Ghana finalizes plans for 155 MW solar park

Ghana is on course to develop the largest single utility-scale solar PV park in Africa after finalizing plans for a 155 MW PV plant at Asiamah in the Western Region of the country.

Mere Power Nzema Limited (MPNL), formed as a subsidiary of U.K.-based renewable energy consortium Mere Power UK and Blue Energy, will oversee the $350 million project, the company having first been set up in late 2012.

Plans for the 155 MW Nzema installation were triggered as a result of a 2011 ruling by the Ghanaian government to ramp up the country’s renewable energy sector. Ghana’s aim is to meet 10% of its energy needs from renewable sources by 2020, with a FIT arrangement introduced to help encourage developers to take a chance on the emerging nation.

Initial plans for the plant were first revealed in December 2012, and construction work is scheduled to begin in September this year, with a power-generation date set for mid-2015.

"MPNL is an independent power producer, and the Electricity Company of Ghana (ECG) has reached an agreement with the organization to purchase the power to be generated for distribution and consumers," said MPNL director, Paul Fordjoe.

Land at the plant’s proposed location in Asiamah has already been acquired, added Fordjoe, while MPNL’s project director Douglas Coleman revealed further details about the Nzema plant.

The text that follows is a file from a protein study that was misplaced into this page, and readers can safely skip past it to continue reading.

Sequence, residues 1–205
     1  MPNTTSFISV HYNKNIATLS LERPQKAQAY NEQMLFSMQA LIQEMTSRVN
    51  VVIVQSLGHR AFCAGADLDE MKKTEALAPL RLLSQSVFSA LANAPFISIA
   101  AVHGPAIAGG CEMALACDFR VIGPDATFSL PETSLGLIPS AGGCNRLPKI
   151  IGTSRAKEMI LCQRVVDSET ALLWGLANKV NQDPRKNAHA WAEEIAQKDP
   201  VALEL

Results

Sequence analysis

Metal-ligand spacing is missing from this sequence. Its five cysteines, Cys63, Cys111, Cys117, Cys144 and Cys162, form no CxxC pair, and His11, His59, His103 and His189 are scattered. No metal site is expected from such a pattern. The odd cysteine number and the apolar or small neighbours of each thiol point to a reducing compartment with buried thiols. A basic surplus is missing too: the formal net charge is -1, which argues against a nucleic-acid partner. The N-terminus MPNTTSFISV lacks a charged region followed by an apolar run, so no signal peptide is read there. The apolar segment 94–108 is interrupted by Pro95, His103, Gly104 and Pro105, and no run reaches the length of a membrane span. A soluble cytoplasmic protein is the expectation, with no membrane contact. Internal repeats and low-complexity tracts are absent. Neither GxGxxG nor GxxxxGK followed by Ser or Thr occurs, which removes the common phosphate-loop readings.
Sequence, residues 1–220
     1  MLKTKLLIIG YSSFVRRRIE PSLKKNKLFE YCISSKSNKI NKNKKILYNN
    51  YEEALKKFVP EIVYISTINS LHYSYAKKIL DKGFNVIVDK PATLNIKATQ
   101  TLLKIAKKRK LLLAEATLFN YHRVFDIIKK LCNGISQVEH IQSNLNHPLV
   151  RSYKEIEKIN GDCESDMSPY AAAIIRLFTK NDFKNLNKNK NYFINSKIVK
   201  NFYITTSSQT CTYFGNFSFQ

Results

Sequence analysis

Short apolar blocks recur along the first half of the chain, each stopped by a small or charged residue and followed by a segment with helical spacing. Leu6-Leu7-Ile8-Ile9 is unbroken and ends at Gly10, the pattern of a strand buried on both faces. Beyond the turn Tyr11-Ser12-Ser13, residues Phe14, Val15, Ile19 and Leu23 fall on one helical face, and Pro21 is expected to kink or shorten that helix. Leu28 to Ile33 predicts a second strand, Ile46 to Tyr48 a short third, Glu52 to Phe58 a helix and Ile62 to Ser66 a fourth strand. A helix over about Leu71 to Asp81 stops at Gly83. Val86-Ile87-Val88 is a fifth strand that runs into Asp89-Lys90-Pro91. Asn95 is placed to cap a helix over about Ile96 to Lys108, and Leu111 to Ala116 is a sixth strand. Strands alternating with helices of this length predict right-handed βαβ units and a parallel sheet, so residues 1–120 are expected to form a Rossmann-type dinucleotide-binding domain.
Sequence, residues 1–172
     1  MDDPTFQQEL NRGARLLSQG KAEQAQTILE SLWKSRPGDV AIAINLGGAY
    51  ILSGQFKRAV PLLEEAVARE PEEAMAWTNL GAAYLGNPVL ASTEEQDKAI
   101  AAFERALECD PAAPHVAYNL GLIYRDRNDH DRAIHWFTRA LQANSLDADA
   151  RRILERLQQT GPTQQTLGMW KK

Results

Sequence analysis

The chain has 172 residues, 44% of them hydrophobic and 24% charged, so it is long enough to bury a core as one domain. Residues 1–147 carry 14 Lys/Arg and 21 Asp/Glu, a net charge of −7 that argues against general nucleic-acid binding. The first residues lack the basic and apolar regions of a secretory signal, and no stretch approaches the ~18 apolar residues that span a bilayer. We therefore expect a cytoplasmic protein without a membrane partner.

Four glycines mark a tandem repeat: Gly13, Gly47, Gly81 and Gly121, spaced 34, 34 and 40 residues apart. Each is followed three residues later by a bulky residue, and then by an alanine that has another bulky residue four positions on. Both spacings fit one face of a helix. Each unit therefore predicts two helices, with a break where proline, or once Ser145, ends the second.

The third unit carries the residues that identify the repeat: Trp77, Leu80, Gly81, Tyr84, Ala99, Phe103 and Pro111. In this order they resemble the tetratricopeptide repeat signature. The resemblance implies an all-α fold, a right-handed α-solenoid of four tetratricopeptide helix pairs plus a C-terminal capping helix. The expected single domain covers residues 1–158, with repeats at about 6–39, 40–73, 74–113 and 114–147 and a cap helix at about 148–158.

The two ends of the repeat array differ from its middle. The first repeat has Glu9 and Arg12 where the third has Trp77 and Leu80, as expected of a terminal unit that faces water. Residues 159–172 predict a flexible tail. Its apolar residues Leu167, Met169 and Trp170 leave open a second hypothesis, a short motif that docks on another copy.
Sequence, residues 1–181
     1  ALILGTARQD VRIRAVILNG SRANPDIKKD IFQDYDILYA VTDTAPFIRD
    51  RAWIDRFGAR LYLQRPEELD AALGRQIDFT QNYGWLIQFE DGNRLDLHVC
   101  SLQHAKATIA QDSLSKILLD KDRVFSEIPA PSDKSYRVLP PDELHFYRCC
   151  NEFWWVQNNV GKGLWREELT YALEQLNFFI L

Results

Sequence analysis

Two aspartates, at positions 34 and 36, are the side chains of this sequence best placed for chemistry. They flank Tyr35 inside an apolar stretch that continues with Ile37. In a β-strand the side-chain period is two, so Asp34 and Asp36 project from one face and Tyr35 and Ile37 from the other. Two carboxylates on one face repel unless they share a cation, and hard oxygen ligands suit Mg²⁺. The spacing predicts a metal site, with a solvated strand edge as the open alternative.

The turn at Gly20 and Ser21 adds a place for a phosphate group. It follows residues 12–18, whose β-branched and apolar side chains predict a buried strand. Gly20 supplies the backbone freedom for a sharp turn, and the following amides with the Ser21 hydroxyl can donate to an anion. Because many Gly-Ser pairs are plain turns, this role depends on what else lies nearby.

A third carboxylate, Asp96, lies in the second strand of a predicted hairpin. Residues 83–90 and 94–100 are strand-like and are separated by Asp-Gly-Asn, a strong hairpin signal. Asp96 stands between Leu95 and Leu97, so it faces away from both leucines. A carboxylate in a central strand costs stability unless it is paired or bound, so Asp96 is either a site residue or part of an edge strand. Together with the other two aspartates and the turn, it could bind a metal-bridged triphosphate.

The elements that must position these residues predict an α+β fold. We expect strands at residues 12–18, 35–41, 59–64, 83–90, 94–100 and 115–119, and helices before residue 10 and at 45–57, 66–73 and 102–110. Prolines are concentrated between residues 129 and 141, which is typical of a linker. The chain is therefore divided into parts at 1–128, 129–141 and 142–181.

According to Coleman, the installation will comprise 630,000 PV panels chosen to best handle the demands of Ghana’s hot and dry climate. Once complete, the PV plant will be among the six largest single installations in the world, with construction and maintenance of the plant providing 200 permanent jobs.

Asiamah, in Ghana’s Western Region, was chosen due to its close proximity to the deep water port of Takoradi and the solid local infrastructure, which is already well-connected to the grid. The majority of the components for the plant will be imported.

Ghana’s solar footprint has grown in recent months following the agreement of a couple of big-ticket deals in the country. In November last year, Norway’s Scatec Solar revealed plans to build a 50 MW solar plant in Ghana, while in December DCH-Solargiga signed an agreement to form a joint venture to build 200 MW of solar PV in the country.